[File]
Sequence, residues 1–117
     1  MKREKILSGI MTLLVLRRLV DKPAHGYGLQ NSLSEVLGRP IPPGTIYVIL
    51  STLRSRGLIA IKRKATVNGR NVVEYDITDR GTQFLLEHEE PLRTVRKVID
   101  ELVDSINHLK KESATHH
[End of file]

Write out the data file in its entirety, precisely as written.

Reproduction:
Sequence, residues 1–117
     1  MKREKILSGI MTLLVLRRLV DKPAHGYGLQ NSLSEVLGRP IPPGTIYVIL
    51  STLRSRGLIA IKRKATVNGR NVVEYDITDR GTQFLLEHEE PLRTVRKVID
   101  ELVDSINHLK KESATHH